And neither should the contemporary significance of the classics be underestimated. Professor Leung mentioned that students of ‘In Dialogue with Nature’ recently read Silent Spring, a classic written by the famous biologist and environmentalist Rachel Carson, which prompted them to reflect on the consequences of human manipulation of nature and how knowledge can change our lives, which coincided with the nuclear crisis in Japan. A student wrote that ‘What impacts me most in Carson’s essay is the realization that some people actually are not completely uninformed about the consequence, but commit it knowingly, ignoring the interest of the majority who knows nothing of the details. Although some people are aware of the consequence or they themselves are affected, they are unable to stop it as the power of making decisions is not in their hands.’
Feng Chen, a Year 1 Arts/ Social Science/ Law Stream student from Beijing, quoted Lantingji Xu (literally ‘Preface to the Poems Composed at the Orchid Pavilion’), written by the renowned Chinese calligraphist Wang Xizhi, ‘Sometimes those closely involved cannot see as clearly as those outside; reading the ideas of people in the past can inspire us to ponder on the contemporary world.’
Small Class, Big Topics
The GEF Programme is taught in small class seminars – class size capped at 25, in which students discuss important value issues. The experience this format provides is proven to be very important to students’ transition from secondary school to university learning.
Chen Lingxin, a Year 1 student from Guangzhou studying in the Business Stream, said, ‘In the dorm, our daily exchange is limited to things like “What are you cooking today?”. We don’t really have much chance for deeper exchange of ideas. This programme allows us to discuss value issues, and the small class environment really helps mainland and local students understand each other’s value systems – the echoes and the differences.’ She added that this programme gives them a chance to discuss such matters with sincerity.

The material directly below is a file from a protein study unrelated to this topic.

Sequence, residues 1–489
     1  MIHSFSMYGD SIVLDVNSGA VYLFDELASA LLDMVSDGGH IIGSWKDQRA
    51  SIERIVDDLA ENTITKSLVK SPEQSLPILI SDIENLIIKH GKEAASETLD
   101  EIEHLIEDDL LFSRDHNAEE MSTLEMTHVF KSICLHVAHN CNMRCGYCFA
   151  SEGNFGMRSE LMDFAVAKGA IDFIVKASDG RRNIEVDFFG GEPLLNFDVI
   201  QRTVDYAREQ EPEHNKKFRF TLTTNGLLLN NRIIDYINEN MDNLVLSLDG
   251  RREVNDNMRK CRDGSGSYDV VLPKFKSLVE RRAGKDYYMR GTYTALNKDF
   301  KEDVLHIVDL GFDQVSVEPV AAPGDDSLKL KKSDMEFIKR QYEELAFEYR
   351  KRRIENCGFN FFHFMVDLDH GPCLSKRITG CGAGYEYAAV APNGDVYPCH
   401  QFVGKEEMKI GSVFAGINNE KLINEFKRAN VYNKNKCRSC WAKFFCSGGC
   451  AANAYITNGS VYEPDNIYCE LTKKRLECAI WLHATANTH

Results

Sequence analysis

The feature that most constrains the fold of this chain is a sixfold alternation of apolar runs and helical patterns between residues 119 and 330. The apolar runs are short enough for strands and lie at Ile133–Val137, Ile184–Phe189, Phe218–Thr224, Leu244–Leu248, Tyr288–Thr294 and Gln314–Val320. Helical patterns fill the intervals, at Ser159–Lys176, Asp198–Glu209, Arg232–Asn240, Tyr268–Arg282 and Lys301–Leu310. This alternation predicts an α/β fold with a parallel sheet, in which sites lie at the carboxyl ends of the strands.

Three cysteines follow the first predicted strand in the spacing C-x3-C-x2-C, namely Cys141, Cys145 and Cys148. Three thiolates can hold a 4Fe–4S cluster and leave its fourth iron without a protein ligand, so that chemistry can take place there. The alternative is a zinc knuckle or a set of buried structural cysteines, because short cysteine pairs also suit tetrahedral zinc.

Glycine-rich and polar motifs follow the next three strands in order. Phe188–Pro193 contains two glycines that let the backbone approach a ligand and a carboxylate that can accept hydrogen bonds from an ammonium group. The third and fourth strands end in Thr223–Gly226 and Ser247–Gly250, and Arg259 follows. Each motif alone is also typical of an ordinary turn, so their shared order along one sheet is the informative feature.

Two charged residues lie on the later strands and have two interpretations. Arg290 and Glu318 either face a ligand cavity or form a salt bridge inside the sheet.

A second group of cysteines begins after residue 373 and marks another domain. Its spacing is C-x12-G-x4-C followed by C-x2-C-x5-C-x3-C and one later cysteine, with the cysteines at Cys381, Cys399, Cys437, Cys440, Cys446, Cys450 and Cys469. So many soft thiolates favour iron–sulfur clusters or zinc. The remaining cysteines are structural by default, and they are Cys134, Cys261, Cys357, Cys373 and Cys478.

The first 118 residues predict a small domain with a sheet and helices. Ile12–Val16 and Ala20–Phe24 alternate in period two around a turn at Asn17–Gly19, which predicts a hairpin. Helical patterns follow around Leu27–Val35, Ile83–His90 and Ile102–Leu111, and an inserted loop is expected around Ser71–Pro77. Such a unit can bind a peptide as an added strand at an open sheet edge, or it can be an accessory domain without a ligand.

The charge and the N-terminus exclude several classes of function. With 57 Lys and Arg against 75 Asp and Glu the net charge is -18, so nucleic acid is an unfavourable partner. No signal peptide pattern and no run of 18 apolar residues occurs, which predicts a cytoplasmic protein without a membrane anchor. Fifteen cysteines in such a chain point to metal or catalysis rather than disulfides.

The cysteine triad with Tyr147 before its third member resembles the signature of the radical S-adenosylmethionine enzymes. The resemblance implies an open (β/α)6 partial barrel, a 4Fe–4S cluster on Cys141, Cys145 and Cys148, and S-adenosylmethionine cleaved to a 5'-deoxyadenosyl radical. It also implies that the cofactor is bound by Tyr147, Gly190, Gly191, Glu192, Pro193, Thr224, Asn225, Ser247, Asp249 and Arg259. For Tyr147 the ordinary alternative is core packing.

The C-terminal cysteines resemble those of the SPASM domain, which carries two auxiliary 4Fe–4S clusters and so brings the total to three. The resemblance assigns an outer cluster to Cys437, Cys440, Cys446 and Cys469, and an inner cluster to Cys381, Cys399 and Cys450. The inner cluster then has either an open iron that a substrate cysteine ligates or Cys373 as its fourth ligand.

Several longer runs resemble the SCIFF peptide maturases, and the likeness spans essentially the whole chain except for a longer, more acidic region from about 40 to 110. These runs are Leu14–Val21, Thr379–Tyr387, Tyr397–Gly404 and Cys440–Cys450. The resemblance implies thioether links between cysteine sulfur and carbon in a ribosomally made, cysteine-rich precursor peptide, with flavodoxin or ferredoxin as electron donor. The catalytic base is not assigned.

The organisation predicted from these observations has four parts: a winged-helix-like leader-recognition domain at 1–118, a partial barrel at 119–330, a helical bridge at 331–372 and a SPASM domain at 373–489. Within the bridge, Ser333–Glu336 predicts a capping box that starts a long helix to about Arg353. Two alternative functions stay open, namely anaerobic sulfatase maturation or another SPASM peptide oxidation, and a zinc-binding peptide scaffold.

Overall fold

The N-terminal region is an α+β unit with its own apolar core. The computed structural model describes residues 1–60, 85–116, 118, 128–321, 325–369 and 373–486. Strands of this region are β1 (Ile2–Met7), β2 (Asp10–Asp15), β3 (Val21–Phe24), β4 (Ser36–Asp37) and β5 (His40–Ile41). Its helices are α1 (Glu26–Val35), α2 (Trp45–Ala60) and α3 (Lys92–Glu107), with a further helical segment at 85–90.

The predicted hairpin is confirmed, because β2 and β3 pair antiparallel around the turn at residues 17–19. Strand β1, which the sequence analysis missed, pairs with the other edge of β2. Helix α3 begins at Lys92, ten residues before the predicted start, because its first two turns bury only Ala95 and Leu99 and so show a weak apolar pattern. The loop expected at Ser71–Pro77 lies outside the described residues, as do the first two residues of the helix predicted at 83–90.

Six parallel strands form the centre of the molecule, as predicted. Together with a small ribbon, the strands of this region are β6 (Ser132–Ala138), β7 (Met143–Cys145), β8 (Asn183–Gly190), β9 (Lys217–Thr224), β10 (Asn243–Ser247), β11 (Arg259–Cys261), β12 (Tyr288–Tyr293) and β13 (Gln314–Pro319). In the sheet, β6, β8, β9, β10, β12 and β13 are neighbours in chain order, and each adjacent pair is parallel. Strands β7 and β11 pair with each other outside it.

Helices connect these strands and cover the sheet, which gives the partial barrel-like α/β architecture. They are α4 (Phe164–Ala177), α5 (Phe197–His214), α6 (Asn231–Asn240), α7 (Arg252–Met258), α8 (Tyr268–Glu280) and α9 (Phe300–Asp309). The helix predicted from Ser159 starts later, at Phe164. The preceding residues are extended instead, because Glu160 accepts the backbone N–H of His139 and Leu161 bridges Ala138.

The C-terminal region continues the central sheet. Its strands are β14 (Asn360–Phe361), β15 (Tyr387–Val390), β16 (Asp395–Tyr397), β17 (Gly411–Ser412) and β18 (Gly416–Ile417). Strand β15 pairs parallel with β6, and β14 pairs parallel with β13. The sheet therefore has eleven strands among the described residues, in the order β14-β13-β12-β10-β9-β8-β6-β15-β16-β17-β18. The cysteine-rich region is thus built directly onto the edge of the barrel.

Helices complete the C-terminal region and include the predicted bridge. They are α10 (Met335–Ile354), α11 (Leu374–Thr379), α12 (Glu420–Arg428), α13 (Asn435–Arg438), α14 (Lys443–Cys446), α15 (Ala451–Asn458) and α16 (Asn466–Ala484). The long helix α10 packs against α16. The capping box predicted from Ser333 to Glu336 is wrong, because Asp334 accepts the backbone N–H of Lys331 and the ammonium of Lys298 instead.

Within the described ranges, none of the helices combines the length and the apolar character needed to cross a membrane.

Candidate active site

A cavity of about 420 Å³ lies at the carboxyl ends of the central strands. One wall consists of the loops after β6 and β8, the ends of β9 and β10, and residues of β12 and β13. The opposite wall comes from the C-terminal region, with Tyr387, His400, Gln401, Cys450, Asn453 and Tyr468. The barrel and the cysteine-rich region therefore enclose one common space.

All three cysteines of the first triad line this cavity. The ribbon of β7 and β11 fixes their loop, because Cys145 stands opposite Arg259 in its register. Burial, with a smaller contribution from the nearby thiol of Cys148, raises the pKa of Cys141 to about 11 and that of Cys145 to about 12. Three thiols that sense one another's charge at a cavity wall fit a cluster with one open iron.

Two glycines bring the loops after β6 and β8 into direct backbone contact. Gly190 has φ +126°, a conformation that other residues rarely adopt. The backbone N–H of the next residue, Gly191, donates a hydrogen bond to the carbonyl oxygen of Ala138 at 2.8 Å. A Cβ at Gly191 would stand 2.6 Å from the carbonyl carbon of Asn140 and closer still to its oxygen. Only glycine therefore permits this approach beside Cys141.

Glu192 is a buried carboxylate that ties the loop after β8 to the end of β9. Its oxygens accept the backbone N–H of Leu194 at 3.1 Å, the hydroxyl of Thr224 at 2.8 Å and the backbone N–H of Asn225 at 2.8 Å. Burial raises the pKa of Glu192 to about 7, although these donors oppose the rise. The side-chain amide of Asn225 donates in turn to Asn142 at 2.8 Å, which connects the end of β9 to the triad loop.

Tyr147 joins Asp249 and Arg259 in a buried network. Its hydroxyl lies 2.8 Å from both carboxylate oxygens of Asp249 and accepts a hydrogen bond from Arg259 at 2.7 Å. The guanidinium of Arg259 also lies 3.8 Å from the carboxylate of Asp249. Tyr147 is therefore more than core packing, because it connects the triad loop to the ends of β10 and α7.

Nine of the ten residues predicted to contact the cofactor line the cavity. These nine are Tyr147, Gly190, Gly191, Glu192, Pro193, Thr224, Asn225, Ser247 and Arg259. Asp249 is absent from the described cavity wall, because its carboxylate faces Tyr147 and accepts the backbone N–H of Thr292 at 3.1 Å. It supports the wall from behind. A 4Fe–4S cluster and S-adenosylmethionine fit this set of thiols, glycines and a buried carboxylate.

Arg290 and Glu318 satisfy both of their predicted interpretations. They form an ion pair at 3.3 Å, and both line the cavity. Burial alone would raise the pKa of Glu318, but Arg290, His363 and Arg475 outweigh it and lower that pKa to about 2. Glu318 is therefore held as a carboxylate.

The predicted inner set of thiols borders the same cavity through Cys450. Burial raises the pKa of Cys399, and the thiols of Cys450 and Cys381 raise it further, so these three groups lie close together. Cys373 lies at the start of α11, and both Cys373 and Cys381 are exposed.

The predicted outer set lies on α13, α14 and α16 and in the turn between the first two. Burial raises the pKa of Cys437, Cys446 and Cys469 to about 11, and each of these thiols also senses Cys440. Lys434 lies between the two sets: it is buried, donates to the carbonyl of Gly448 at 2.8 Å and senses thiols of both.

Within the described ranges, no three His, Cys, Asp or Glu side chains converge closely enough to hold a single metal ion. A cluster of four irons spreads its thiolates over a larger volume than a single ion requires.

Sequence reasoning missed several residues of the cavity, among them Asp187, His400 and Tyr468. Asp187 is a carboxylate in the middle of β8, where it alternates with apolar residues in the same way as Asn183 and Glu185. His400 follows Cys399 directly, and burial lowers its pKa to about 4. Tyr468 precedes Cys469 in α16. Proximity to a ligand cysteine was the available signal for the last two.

Are Aristotle and Confucius long dead clichés? Tse Cheuk-kit Dwight, a Year 1 psychology student taking the course ‘In Dialogue with Humanity’, pointed out that the course readings have influenced him a lot as they present very different view points on virtue and friendship. He said, ‘We rarely look at “friendship” in this comprehensive way. Also, one person’s mind is limited, whereas in this course, we can brainstorm together on our readings of the classics. It has been a real eye-opener. Our discussions really enable us to gain deeper insights.’
Intensive Reading, Writing and Discussion
Dwight also opined that the breadth of the programme has helped first-year students explore their interests. He said, ‘After all, we only major in one discipline. If not for this Foundation Programme, we would not have known that there are so many different ways to pursue knowledge.’
The GEF Programme also attaches importance to training students how to read, write and discuss with others. Many students have remarked how demanding the programme is and how their independent learning ability is enhanced. As Feng Chen suggests, ‘It is like the training of athletes. We are required to read deeply and write every week in our first year. As a result, we find it much easier to proceed to other more advanced courses.’ She also pointed out that the thoughtful feedback and individual counseling that the GEF teachers give is a key to the programme’s success.